This is the first comprehensive exhibition of work by the French wife-husband duo Lucy+Jorge Orta to be presented in the United States. The works in this exhibition are drawn from major solo exhibitions by the Ortas held at venues around the world. FOOD-WATER-LIFE---LUCY+JORGE ORTA debuted at the Tufts University Art Gallery in Medford, Massachusetts in September 2012. Following the engagement at Wesleyan University, FOOD-WATER-LIFE---LUCY+JORGE ORTA will travel to museum venues across the United States, including the Herbert F. Johnson Museum of Art, Cornell University, Ithaca, New York in 2014; and the Ben Maltz Gallery, Otis College of Art and Design in Los Angeles, California and the Richard E. Peeler Art Center, DePauw University, Greencastle, Indiana in 2015.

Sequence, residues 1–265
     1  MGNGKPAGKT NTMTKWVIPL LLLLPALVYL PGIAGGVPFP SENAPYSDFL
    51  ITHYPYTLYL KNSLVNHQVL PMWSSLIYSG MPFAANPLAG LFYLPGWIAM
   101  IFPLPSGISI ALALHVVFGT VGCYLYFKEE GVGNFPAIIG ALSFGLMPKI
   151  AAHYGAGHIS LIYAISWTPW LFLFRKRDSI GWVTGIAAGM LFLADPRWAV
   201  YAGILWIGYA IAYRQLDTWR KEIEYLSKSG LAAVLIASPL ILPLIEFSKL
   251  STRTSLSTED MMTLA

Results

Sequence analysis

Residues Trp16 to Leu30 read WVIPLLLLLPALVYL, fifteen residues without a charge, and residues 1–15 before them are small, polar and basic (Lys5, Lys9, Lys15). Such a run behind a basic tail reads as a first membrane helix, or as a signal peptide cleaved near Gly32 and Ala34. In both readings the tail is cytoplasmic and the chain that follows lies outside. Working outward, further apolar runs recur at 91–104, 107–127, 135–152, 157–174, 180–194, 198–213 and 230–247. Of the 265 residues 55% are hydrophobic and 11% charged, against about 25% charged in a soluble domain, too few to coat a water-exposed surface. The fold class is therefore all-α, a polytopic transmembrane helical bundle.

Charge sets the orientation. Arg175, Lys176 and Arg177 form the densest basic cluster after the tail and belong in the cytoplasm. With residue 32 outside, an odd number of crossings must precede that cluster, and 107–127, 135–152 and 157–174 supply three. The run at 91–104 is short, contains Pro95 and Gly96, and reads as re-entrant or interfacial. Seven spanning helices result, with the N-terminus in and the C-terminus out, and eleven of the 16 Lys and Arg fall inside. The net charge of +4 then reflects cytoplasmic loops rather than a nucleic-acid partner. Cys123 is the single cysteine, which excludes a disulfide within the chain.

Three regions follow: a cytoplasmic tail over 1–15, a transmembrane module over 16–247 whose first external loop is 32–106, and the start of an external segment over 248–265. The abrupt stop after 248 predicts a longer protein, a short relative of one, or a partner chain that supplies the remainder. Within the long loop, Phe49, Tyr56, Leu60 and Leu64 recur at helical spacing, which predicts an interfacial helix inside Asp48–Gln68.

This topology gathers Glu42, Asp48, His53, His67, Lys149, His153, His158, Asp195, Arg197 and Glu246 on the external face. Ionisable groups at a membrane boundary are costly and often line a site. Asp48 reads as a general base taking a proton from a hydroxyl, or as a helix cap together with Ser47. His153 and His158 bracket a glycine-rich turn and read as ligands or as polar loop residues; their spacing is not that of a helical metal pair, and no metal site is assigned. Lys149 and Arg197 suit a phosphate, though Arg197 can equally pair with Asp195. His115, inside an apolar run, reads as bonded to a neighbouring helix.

The works in FOOD-WATER-LIFE embody the philosophy that steers the pioneering art practice of Lucy+Jorge Orta, "the ethics of aesthetics." As heirs to the practice of social sculpture, formulated by Joseph Beuys in the 1960s, the Ortas’ works are reflections of their own function—beguiling assemblages that are the platform for the preparation of food, mechanisms that actually purify water, and elements created for their 2007 expedition to Antarctica, and that are part of an effort to amend the 1948 Universal Declaration of Human Rights. The works in this exhibition are metaphors-in-action, constructions that perform the tasks of which they are emblematic.